A prospective study of the effect of education on non-compliant behaviour in contact lens wear

Claydon, Bridget E., Efron, Nathan and Woods, Craig 1997, A prospective study of the effect of education on non-compliant behaviour in contact lens wear, Ophthalmic and physiological optics, vol. 17, no. 2, pp. 137-146.

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Title A prospective study of the effect of education on non-compliant behaviour in contact lens wear
Author(s) Claydon, Bridget E.
Efron, Nathan
Woods, Craig
Journal name Ophthalmic and physiological optics
Volume number 17
Issue number 2
Start page 137
End page 146
Total pages 10
Publisher Wiley - Blackwell Publishing
Place of publication Oxford, England
Publication date 1997-03
ISSN 0275-5408
1475-1313
Keyword(s) adolescent
contact lenses
double-blind method
equipment contamination
health knowledge
attitudes
practice
middle aged
patient education
prospective studies
treatment refusal
Summary The contact lens practitioner and patient present a specific case for the study of non-compliance in areas such as hygiene, solution use, appointment attendance and wearing times. Education is one of the factors thought to influence compliance among patients in general health care situations and contact lens practitioners are encouraged to educate patients in the care and maintenance of contact lenses. A prospective, randomized, controlled and double masked study was performed to assess the effect of a‘compliance enhancement strategy’ on levels of compliance among contact lens wearers over twelve months. Eighty experienced contact lens patients were randomly allocated to two experimental groups. A standard level of contact lens instruction was applied to the first group and in addition the compliance enhancement strategy was applied to patients assigned to the second group. The strategy consisted of extra education for patients using a video, booklets, posters, a checklist and a health care contract. Patients were given free supplies of RelMu multipurpose solution and Medalist 38 soft contact lenses IBausch and Lomb, Rochester. New York). Compliance levels were assessed at a twelve month aftercare appointment by demonstration and questionnaire. The results indicate that the compliance enhancement strategy had little significant effect on the compliance levels of the patients to whom it was applied. The population of contact lens wearers were generally very compliant and the contact lenses and care regimen were clinically successful. The possibility that the assessment of non–compliance was not adequately sensitive to highlight small differences in non-compliant, behaviour is discussed. The standard level of eduction applied to this sample of contact lens patients was adequate to ensure generally high levels of compliance with the simple care and maintenance regimen recommended.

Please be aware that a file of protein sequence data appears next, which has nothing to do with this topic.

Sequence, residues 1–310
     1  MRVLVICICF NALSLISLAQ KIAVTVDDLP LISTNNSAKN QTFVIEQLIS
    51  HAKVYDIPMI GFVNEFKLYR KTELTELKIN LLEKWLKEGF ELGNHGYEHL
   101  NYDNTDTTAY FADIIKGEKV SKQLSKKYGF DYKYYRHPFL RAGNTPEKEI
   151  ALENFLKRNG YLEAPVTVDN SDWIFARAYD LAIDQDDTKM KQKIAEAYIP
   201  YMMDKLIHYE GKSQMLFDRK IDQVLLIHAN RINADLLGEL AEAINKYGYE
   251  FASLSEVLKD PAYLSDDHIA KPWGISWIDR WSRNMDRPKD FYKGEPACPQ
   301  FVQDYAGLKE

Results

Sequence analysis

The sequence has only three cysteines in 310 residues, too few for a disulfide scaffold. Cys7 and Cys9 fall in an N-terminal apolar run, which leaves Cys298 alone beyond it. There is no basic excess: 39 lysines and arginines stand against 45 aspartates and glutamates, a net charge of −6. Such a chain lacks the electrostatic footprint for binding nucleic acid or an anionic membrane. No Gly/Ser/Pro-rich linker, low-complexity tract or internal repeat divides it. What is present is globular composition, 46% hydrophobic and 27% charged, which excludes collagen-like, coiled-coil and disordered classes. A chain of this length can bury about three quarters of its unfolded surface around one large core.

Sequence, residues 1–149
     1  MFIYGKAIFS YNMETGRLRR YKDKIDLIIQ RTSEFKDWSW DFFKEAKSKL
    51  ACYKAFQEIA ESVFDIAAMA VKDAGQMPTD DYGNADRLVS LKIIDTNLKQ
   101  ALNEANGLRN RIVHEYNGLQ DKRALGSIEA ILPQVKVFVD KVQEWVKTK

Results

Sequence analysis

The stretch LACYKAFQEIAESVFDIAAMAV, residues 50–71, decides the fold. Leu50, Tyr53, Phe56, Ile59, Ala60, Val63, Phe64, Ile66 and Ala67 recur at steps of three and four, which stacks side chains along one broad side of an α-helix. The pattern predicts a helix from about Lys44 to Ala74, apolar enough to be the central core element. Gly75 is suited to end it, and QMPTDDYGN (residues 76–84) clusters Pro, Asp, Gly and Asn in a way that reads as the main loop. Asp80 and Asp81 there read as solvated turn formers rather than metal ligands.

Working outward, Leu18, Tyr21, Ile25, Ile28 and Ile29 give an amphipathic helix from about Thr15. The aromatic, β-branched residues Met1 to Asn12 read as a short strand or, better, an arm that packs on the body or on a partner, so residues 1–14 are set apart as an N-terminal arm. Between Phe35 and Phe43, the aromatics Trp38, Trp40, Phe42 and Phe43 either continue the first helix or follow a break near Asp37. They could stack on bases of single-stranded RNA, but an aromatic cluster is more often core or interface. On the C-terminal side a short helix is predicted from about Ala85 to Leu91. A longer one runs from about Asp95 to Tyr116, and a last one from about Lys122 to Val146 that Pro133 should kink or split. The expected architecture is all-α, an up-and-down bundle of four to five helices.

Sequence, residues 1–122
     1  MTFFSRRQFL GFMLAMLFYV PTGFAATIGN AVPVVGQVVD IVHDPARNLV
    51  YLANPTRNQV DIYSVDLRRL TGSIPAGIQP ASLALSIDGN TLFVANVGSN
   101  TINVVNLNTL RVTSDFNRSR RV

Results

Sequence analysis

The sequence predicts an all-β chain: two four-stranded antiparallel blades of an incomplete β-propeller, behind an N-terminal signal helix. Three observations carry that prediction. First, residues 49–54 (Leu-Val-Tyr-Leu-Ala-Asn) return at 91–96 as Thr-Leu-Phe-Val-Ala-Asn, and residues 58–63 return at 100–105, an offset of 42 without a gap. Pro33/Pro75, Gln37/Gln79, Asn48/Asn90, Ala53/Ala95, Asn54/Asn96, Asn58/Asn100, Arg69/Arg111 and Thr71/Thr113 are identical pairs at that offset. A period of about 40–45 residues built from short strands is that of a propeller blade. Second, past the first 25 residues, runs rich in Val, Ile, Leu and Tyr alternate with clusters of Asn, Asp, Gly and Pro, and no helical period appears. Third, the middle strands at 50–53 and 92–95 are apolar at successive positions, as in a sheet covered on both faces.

Language eng
Field of Research 119999 Medical and Health Sciences not elsewhere classified
Socio Economic Objective 970111 Expanding Knowledge in the Medical and Health Sciences
HERDC Research category C1.1 Refereed article in a scholarly journal
Copyright notice ©1997, The College of Optometrists
Persistent URL http://hdl.handle.net/10536/DRO/DU:30047566

Document type: Journal Article
Collection: School of Medicine
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